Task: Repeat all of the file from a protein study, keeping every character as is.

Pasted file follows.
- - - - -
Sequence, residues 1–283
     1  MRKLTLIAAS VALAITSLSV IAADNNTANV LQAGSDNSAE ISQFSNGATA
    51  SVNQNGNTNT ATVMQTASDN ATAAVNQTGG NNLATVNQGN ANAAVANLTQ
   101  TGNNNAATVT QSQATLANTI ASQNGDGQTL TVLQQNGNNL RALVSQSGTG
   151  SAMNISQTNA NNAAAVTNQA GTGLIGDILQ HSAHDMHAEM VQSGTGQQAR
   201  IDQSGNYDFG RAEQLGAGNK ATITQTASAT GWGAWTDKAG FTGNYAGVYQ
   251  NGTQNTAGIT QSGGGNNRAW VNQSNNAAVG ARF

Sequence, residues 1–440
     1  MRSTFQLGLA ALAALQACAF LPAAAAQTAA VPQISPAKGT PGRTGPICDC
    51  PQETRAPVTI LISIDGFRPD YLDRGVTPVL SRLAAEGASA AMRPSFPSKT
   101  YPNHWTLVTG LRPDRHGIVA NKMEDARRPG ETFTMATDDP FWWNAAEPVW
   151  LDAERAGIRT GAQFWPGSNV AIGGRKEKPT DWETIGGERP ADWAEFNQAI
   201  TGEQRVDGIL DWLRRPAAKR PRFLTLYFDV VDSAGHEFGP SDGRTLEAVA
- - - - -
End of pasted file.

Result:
Sequence, residues 1–283
     1  MRKLTLIAAS VALAITSLSV IAADNNTANV LQAGSDNSAE ISQFSNGATA
    51  SVNQNGNTNT ATVMQTASDN ATAAVNQTGG NNLATVNQGN ANAAVANLTQ
   101  TGNNNAATVT QSQATLANTI ASQNGDGQTL TVLQQNGNNL RALVSQSGTG
   151  SAMNISQTNA NNAAAVTNQA GTGLIGDILQ HSAHDMHAEM VQSGTGQQAR
   201  IDQSGNYDFG RAEQLGAGNK ATITQTASAT GWGAWTDKAG FTGNYAGVYQ
   251  NGTQNTAGIT QSGGGNNRAW VNQSNNAAVG ARF

Sequence, residues 1–440
     1  MRSTFQLGLA ALAALQACAF LPAAAAQTAA VPQISPAKGT PGRTGPICDC
    51  PQETRAPVTI LISIDGFRPD YLDRGVTPVL SRLAAEGASA AMRPSFPSKT
   101  YPNHWTLVTG LRPDRHGIVA NKMEDARRPG ETFTMATDDP FWWNAAEPVW
   151  LDAERAGIRT GAQFWPGSNV AIGGRKEKPT DWETIGGERP ADWAEFNQAI
   201  TGEQRVDGIL DWLRRPAAKR PRFLTLYFDV VDSAGHEFGP SDGRTLEAVA